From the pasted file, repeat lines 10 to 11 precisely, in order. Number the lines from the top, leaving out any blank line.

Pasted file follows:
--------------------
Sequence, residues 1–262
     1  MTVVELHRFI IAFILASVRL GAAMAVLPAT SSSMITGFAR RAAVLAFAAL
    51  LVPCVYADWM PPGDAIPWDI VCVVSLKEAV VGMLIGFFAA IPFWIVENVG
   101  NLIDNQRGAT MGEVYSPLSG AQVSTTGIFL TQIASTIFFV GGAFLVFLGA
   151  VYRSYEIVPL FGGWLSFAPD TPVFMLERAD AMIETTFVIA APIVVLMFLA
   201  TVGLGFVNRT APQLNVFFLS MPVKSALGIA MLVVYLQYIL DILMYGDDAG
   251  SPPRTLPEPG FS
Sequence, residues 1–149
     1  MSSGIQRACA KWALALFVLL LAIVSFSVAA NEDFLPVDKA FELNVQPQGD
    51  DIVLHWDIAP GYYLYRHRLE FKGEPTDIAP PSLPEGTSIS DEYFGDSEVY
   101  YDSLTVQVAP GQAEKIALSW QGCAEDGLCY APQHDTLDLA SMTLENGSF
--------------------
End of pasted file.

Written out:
    51  DIVLHWDIAP GYYLYRHRLE FKGEPTDIAP PSLPEGTSIS DEYFGDSEVY
   101  YDSLTVQVAP GQAEKIALSW QGCAEDGLCY APQHDTLDLA SMTLENGSF